# Random Walk

**Thank you for voting on the poll question last week - I learn from your responses **

Imagine you are drunk … and walking !

The drunk walk, or, as we euphemistically call it - The Random Walk

So, every step you take forward is just as likely to be towards the left, as it is towards the right - that’s the assumption, and it is true when you are drunk, or for capturing true randomness

When you are starting at a point, your next step to the left is just as likely as your next step to the right, so, the probability (of you taking a step left) = 1/2, and the probability (of you taking a step right) is also 1/2

So, let’s say, you take three steps, and for the purpose of this conversation, let’s say it is +1 when you go right, and -1 when you go left

As you take one step forward : you can either be at +1 or -1

You need to evaluate your second step, based on your first step you just took. So, before you take the second step, you are either starting at +1 (if you went right in your first step) or -1 (if you went left in your first step)

**Let’s say, you went right in your first step, and hence you are at +1**

if you go right again in the second step, you are at +1 +1 = +2

if you go left in the second step, you are at +1 -1 = 0

**Let’s say, you went left in your first step, and hence you are at -1**

if you go right in the second step, you are at -1 +1 = 0

if you go left again in the second step, you are at -1 -1 = -2

Option 1 = +2

Option 2 = 0

Option 3 = 0

Option 4 = -2

So, you have four options : you can either be at +2, or 0, or 0 again, or at -2. But you could get to 0 in two of those four cases. You can either go right and then go left, or you could go left and then go right - and both of those lead to 0

On the contrary, notice that there is only one pathway to get to -2 and + 2

**Perfect … now what ?**

Let’s do one more step

So, at the end of the second step, you could either be at -2, 0 or +2

**If you go right (+1) in your third step, you have three options**

-2 +1 = -1

0 +1 = +1

+2 +1 = +3

**or, if you go left (-1) in your third step, you have three more options**

-2 -1 = -3

0 -1 = -1

+2 -1 = +1

So, now you have six options : you could be at any of these six points from your initial point : -1, +1, +3, -3, -1, +1

But, there is only one pathway to +3 and -3, where as, you have two pathways to reach +1 and -1

And if you repeat this statistical experiment infinite number of times, you will end up with a bell curve (technically, a binomial distribution, but at large sample sizes, binomial becomes a normal distribution, as in, a bell curve)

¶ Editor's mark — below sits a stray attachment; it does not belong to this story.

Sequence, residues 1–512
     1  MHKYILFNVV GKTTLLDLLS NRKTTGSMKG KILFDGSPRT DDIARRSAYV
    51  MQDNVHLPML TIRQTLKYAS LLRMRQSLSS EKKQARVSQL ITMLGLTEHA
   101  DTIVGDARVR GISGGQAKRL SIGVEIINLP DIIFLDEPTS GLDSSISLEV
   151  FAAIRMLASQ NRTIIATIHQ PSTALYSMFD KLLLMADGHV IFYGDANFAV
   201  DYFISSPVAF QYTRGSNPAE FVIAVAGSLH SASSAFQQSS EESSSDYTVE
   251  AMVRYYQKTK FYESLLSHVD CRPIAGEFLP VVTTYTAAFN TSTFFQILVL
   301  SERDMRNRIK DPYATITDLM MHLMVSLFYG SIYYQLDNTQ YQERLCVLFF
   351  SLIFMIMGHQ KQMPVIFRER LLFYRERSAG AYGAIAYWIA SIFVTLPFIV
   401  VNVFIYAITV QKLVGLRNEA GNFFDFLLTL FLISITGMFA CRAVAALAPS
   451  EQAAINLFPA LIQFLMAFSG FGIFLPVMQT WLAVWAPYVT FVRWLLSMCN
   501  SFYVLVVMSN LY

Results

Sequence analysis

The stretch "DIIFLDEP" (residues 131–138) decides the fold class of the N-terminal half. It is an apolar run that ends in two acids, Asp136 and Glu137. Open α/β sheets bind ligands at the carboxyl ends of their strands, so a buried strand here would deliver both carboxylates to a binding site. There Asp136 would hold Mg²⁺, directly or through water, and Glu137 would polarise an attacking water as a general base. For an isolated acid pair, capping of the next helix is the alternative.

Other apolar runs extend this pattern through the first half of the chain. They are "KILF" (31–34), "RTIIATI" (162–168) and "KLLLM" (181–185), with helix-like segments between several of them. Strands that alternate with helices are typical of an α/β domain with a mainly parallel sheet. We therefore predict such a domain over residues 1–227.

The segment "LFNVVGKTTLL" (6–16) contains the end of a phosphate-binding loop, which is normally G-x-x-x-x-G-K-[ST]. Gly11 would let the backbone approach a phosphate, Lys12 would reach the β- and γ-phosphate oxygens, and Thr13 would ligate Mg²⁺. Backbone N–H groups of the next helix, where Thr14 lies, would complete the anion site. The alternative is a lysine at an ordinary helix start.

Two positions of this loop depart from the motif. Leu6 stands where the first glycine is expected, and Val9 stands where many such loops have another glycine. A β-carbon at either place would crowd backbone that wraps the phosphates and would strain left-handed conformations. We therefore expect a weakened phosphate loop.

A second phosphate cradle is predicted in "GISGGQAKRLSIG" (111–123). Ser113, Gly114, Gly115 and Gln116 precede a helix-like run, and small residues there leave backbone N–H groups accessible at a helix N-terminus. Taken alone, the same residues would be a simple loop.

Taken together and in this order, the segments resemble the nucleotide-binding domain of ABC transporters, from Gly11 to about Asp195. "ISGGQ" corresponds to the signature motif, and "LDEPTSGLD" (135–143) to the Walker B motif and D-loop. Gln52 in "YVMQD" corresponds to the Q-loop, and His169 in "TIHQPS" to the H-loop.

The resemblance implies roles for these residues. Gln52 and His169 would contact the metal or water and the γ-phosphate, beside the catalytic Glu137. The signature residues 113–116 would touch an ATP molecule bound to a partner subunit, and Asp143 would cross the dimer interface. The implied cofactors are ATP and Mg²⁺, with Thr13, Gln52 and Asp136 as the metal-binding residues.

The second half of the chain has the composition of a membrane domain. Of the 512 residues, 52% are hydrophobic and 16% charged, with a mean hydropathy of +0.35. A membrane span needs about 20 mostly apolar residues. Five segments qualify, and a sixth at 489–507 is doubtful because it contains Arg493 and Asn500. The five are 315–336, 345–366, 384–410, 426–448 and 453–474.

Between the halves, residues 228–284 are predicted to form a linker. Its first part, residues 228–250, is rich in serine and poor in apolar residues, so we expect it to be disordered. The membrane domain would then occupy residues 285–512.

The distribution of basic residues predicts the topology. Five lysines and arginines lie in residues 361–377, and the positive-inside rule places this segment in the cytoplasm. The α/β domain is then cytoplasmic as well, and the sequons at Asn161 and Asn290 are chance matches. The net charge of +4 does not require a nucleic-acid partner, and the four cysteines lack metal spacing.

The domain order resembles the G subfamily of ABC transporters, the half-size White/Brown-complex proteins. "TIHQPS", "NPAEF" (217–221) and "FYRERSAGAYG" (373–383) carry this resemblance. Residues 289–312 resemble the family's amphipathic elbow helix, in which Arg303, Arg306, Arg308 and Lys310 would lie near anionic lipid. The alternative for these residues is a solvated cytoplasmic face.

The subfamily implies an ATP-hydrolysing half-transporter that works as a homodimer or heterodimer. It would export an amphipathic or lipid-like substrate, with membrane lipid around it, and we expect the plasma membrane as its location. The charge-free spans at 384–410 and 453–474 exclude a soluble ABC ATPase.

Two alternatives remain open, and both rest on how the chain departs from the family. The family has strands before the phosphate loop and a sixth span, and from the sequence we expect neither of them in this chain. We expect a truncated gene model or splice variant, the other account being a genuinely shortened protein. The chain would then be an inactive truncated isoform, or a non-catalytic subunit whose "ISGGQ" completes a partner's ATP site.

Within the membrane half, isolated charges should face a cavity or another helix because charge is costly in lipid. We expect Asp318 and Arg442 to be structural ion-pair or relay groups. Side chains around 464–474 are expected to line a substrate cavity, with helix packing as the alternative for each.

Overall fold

How mathematically elegant is that ?

but, more importantly, why do you end up with a bell curve?

You can see this yourself, if you drop a whole bunch of small beads through the pegs in the Galton board (below), it will beautifully form a normal distribution in front of your eyes

**What is the Statistical Intuition ?**

And the intuition makes sense, right ? to end up to the far left of the bell curve, you repeatedly have to take steps to the left all the time, and the likelihood of that happening is low (here is a great explanation)

Since your likelihood of going left is the same as going right, the combined likelihood of you going consistently left is very low - that’s why only one ball (in the picture above) ends up in the left most bin

Same goes to the far right

But as we talked about above, there are more pathways to the center, or, there or thereabouts near the center, and because of that - the probability of balls ending up somewhere in the middle is higher

That’s why more balls end up in the center and less balls end up in the edges - pretty much reflecting a bell curve

The Galton board experiment above is essentially simulating a drunk walk and presents the probability of where one might end up in the end, when compared to where that person started

**Machine Learning Applications**

Random Walk algorithms are used in image segmentation (computer vision) in Machine Learning. As a highly simplified example, if a cat sits on a roof, the algorithm helps segment between which pixels belong to the cat, as opposed to the roof (sources : Scikit Learn and IEEE)

A picture is essentially a collage of pixels. Initially, the user, labels some of the pixels as a cat or a roof. Then the machine learning algorithm takes an unlabeled pixel and releases a random walker from it

The intuition here is the same as above. If you release a drunk walker from an unlabeled pixel, then the walker, randomly walks and arrives at a labeled pixel (in this case, assume you initially labeled that pixel as a cat)

Based on the probability of arriving from the unlabeled pixel to the labeled pixel, you can classify the unlabeled pixel as either a cat or a roof. Identifying different objects this way has significant applications in autonomous vehicles as well

**Brownian Motion**

Einstein’s explanation of how gas molecules move as they are being bombarded by different invisible particles from all directions - is also based on random walk theory, and we call this Brownian Motion (MIT)

Sources : IEEE and Python Scikit Learn, MIT and Johnnie Walker